A recipe for conflict

Brian has been a difficult patient from the outset of his treatment. He is the son of 2 busy attorneys, who appear to prioritize their careers over family obligations. An ambivalent 13-year-old, Brian has displaced multiple brackets since he began comprehensive correction almost 3 years ago. You’ve met repeatedly with his father to discuss the need for more prudent eating habits and to request that he refrain from chewing on pencils. Another problem is his home care. Apparently, it doesn’t exist. His teeth, as well as the loose brackets that dangle on the distorted archwires, are coated with a biofilm that is as dense as cottage cheese. And now his visit frequency is becoming increasingly erratic.

This morning, Brian’s mother has brought him to the appointment, and your assessment shows that his status remains unchanged. He is the first patient of the day, and you perceive this as a chance to rediscuss the issues that are delaying his treatment, as well as an opportunity to avoid maleficence. You begin by reviewing photos of inflamed gingival tissues and decalcified teeth and mention his irregular visit frequency. Brian’s mother curtly interrupts you. She tells you that his absence is your staff’s fault because they never contacted her to reappoint Brian after his last appointment. She contends that she cannot be considered responsible for his appointment scheduling because Brian best knows his own after-school activity schedule. Her voice begins to intensify as she irately reminds you that you are the doctor, and therefore you, not her, are responsible for his oral hygiene. Reaching a heated crescendo, she tells you that he is always careful when eating, and she therefore demands to know “why the braces keep falling off.” Finally, she concludes her diatribe by stating, “This is his show. He’s now old enough to run it himself!”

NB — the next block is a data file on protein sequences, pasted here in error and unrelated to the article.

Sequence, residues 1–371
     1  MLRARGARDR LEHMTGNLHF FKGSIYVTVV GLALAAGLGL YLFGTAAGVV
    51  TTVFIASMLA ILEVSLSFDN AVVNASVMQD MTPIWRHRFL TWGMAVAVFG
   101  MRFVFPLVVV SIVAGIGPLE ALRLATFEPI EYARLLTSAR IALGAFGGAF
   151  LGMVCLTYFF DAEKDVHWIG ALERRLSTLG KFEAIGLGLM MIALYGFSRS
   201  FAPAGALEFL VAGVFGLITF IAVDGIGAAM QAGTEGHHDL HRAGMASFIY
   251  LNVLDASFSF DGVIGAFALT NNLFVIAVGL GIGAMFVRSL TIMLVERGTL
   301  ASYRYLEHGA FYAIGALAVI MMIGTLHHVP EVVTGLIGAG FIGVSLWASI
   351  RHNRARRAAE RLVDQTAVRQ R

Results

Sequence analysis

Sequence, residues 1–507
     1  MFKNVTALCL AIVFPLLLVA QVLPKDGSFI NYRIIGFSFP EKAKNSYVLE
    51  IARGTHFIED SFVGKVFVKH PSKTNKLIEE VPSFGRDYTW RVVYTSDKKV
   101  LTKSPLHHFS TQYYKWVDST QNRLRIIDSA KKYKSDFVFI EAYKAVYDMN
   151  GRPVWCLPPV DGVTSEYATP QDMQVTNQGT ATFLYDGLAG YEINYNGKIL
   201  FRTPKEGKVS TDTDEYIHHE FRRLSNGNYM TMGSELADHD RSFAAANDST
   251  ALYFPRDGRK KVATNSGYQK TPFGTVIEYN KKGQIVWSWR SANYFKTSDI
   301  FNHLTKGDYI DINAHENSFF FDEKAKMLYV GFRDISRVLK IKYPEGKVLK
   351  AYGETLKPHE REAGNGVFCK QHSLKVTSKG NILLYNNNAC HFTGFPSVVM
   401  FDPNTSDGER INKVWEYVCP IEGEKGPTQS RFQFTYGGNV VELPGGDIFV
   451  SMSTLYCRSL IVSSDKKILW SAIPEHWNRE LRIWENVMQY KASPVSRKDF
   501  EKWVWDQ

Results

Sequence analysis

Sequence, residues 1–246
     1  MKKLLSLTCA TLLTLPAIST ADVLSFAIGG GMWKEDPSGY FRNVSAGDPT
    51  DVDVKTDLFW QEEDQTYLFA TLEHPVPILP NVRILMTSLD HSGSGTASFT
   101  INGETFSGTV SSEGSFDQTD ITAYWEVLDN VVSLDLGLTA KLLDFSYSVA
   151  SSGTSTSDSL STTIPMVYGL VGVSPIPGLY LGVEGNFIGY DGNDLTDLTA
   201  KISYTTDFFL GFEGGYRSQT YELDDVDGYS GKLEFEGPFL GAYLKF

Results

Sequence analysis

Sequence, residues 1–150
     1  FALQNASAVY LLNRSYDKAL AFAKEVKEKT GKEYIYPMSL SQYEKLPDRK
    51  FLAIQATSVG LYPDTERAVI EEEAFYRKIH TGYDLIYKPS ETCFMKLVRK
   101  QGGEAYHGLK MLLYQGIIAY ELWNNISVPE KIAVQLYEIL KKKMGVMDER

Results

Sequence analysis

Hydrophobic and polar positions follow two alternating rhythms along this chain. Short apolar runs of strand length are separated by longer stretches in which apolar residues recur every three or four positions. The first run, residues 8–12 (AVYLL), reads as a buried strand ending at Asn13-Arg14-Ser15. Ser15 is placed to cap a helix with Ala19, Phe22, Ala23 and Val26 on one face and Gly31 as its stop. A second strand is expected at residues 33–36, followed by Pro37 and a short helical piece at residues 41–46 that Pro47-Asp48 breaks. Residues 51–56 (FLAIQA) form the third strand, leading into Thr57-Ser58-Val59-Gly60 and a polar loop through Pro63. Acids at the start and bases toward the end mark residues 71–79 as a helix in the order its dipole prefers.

You are attempting to prevent damage to Brian’s dentition, but obviously his parent’s interpretation of your good intention is channeled as anger toward you and your staff. She rejects any responsibility for his predicament and, worse, has identified you as the focus of his shortcomings.

Psychologists tell us that anger is a natural defense that is precipitated by an internal desire to avoid emotional injury. Anger is rarely an emotion unto itself but, rather, is initiated by fear of guilt, insignificance, uselessness, rejection, and more. Anger is also a defense against vulnerability. Similar to all psychological defenses, anger insulates us from anxiety, distress, and humiliation potentially caused by the realization that we have failed in some capacity. Often, angry people have no understanding that the genesis of their behavior is self-preservation. And when coupled with the distraction and additional burdens of juggling a successful career with parenting, there is an increased need to protect vulnerability.

When a person perceives that he or she has failed, a common reaction is to retaliate by identifying a reason to counterattack the accuser. Brian’s mother blames your staff for failing to appoint him in a timely way, thus diverting her responsibility for his irregularity in continuing care. She holds you culpable for Brian’s inadequate home care and bracket failures. Rather than directly assuming responsibility herself or by failing to engage Brian in developing a solution, she uses anger as a defense to repel her own guilt and her son’s ambivalence. Your immediate inclination is to retaliate with your own anger in defense of her assault. If you do so, a perfect storm for confrontation has developed.

Ultimately, anger rarely resolves conflict. It often leads to escalating protective emotions that might supersede a simple exchange of words—and a viable solution—in the operatory. This can be especially dangerous when 1 combatant is a prominent attorney.

It is critical to not only avoid escalation to a verbal slugfest, but also understand the etiology of situational anger and resolve its cause before it becomes mutually destructive. In our specialty, sometimes that means parting amicably—even if Brian’s mom finds another source of care—and even if it means a refund is in order.

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Dec 8, 2018 | Posted by in Orthodontics | Comments Off on A recipe for conflict
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